Vicino, G.A. and Miller, L.J. (In Prep).
From prevention of cruelty to optimizing welfare. 



How well are we doing with our horses?

Do those make you think at all? They do me… thoughts have flooded in and continue to do so, especially when I talk to other equine care professionals.

In some ways, our horses share more with captive animals than the agricultural livestock they live closely with. Retaining many powerful characteristics of the wild, our horses are kept in areas many times smaller than their previous wild habitats (in evolutionary terms), with the subsequent lack of behavioral freedoms that come with that.

“We use these guiding principles for assessment….   The Opportunities are a lens we look through when evaluating an animal group for optimal welfare.” Greg Vicino

OK. so let’s take a closer look.



The Horse’s Opportunity for a Well Balanced Diet

How about feeding in a way that ensures full heath and vigor, both behaviorally and physically? So many owners associate feeding with showing love, rather than respect for the needs of another species. We have feed that looks like muesli and makes us go ‘yummy’. We have baled forage that the horses gobble up, yet contributes to laminitis, because it’s so full of carbs.

"It's how you eat it... " Photo: J Clothier

“It’s how you eat it… “ Photo: J Clothier

And as Greg said, in a statement that made me sit right up, “It’s not just what you eat, but how you eat it”

Yes, we can take it still further. Small hole haynets moderate intake, while keeping the hind gut busy. What’s more, the weekend after the conference, I found myself listening again to Sharon May-Davis, as she described her ‘hay high’ practice of using haynet height to restore physical balance to the horse’s lower neck and forelimbs.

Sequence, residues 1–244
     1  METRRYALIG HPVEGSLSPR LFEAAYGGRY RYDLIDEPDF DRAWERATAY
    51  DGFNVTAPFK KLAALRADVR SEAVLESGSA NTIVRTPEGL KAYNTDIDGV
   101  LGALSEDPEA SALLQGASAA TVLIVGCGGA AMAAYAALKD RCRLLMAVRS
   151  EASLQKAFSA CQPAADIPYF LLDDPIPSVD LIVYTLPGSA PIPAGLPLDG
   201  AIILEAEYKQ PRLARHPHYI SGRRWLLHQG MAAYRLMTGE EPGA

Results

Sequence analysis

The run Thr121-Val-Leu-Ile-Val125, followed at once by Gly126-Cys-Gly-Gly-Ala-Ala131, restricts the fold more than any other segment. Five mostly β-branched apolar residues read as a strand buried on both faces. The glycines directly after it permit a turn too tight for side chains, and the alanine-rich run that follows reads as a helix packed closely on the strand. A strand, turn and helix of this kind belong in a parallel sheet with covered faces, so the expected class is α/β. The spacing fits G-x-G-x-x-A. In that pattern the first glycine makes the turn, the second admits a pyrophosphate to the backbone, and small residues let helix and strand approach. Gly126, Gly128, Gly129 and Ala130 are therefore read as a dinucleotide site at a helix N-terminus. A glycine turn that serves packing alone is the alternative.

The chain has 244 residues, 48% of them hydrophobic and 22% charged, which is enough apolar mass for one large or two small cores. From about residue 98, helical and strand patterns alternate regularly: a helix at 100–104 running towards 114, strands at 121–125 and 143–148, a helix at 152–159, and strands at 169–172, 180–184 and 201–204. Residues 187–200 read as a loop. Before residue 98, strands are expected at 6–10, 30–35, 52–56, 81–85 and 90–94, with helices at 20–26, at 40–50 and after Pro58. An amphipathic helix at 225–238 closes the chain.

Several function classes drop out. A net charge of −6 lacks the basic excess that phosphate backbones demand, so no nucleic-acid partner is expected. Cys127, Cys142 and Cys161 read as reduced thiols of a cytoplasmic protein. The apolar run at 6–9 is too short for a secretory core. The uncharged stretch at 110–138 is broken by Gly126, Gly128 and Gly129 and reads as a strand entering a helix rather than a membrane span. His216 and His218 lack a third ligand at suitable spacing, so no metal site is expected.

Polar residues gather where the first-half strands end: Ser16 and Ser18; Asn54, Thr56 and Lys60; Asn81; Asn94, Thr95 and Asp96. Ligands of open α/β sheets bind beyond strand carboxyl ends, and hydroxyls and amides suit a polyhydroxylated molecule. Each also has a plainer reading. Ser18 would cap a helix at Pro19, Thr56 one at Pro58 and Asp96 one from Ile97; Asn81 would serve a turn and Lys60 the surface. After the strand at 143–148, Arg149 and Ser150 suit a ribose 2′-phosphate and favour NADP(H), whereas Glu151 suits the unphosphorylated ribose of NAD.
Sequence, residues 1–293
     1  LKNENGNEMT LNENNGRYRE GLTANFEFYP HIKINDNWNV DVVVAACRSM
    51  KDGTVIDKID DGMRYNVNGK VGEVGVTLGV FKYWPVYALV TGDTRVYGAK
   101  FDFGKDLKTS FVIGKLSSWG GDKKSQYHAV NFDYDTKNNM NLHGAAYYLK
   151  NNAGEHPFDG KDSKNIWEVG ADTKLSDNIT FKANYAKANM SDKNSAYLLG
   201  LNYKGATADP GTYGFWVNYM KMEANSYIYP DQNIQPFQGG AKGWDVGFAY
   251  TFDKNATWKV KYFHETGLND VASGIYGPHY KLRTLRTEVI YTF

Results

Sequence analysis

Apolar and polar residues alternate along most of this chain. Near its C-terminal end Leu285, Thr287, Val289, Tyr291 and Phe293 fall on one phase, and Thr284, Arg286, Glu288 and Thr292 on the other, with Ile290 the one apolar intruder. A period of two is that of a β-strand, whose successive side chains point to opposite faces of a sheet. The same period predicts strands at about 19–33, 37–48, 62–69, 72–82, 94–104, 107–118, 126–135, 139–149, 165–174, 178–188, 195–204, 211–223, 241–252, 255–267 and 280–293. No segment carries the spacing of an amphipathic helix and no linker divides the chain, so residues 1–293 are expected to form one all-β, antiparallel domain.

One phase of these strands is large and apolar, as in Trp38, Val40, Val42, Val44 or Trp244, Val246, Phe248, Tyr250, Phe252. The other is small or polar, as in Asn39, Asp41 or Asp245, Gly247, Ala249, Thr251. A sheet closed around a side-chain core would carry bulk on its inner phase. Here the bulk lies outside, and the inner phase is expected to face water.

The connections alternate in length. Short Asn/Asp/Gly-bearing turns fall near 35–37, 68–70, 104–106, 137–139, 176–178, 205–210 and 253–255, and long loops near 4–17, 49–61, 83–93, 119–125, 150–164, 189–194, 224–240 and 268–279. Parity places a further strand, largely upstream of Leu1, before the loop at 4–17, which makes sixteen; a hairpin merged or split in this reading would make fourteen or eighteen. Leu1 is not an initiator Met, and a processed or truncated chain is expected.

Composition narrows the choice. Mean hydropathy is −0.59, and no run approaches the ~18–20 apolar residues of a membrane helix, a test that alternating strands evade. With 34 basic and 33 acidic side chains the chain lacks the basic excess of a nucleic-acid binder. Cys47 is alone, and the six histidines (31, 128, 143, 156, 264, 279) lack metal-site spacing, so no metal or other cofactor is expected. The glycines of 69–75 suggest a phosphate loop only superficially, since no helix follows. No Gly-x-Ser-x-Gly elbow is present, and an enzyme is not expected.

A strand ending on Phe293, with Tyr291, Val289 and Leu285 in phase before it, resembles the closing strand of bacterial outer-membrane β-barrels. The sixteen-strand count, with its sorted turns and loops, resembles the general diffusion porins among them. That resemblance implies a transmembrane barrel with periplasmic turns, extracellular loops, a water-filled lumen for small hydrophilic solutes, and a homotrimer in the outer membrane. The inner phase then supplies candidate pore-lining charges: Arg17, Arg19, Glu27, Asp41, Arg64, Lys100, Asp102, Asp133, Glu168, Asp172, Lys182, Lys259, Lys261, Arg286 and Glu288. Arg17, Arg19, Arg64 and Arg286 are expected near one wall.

The Horse’s Opportunity to Self Maintain


Maintaining hooves. Photo: J Clothier

Some correlations are more obvious. You see, Greg Vicino’s full position is Associate Curator of Elephants and Welfare at San Diego Zoo. One example he gave is that of providing varied sub-strata (ground surfaces) for elephants, so that they can maintain the soles and nails of their feet.

I know so many horses owners who are doing just that for their horses in their paddocks, so that unshod hooves can develop strength and balance.

And what about over-rugging?




The Horse’s Opportunity for Optimal Health

As a bodyworker and researcher into equine development problems, my feelings are probably predictable, and they may well be similar to your own. We all want our horses healthy and in fine form.


Free movement.  Photo: J Clothier

But where we have a problem is not with what we do think about, so much as what so often is not thought about. Training methods, inappropriate riding style, too much exercise too soon… and I’m not talking about dressage, but everyday riders and owners here.